Which Joe gave his name to ‘sloppy joes’? We look at five interesting sandwiches and their lexical origins.
(of an organ or part) easily detached and shed at an early stage.‘poppies have caducous sepals that are shed after the bud has opened’
- ‘The caducous trees prevail, such as ñire, lenga, rauli and pellín oak, although there are also perennial trees such as cypress, and canas, rushes, etc.’
- ‘He states that the verification of the occurrence of bracteoles could be useful, because there is a tendency to use ‘absent’ for ‘caducous’, which could lead to erroneous conclusions.’
- ‘It had aseptate hyphae and sporangia were papillate, both caducous and non-caducous, and their shape ranged from ovoid to elongate and distorted.’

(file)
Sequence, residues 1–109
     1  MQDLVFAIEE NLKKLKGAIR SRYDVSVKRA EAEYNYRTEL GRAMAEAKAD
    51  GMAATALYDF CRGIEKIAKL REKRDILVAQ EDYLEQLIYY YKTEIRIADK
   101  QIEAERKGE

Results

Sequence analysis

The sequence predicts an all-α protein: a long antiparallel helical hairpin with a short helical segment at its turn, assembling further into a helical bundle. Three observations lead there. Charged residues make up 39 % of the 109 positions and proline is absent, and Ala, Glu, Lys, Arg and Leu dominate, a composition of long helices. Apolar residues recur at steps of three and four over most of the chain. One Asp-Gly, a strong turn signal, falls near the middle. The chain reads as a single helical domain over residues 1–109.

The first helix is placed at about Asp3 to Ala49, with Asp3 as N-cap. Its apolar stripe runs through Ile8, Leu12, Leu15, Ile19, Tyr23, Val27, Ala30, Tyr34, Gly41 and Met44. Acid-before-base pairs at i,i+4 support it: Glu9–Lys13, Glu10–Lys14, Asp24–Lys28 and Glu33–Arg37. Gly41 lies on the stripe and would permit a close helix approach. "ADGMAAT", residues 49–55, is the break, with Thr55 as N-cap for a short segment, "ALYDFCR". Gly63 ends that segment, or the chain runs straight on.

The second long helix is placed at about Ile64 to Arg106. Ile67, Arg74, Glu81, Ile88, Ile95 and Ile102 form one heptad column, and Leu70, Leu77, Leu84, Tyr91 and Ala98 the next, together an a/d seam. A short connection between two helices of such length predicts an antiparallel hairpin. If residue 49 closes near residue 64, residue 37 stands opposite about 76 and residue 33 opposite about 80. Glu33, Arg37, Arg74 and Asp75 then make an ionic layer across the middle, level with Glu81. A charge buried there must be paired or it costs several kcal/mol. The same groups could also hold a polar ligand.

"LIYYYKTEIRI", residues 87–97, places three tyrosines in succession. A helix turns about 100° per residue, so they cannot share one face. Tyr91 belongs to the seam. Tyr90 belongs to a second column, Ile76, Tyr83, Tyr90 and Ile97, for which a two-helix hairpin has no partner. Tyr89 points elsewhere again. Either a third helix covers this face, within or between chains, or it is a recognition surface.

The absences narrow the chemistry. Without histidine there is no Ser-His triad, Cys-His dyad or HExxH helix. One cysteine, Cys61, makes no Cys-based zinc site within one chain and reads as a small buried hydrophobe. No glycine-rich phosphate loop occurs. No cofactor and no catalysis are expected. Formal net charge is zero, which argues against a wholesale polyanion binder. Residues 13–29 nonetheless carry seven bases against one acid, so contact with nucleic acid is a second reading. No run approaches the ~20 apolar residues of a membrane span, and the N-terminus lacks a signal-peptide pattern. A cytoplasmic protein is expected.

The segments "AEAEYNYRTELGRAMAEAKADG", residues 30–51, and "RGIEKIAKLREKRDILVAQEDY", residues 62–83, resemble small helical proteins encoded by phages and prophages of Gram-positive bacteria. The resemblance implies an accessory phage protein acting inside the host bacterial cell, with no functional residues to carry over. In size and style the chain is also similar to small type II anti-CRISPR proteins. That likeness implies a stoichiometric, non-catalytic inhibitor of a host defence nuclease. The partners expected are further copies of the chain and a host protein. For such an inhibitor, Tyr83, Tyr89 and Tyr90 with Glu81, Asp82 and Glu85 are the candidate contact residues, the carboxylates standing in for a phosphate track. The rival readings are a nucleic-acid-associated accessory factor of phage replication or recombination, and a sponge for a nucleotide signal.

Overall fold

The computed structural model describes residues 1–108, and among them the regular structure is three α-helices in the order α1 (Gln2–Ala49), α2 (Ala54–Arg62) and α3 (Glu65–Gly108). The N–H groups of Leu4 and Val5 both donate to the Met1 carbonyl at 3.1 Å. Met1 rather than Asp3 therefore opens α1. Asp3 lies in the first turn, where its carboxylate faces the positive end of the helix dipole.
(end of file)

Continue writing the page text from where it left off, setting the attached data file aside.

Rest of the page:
- ‘Reproduction and dispersion are doubtless accomplished by the caducous branchlets.’
- ‘In the poppy family, the sepals are caducous.’
Late 17th century (in the sense ‘epileptic’): from Latin caducus liable to fall (from cadere to fall) + -ous.
Are you looking for a word for a foolish person? We explore twelve interesting words to describe the dunderheads in your life.
Before you run for the hills, let’s run through a list of ‘run’ expressions that are running through our minds.
The definitions of ‘buddy’ and ‘bro’ in the OED have recently been revised. We explore their history and increase in popularity.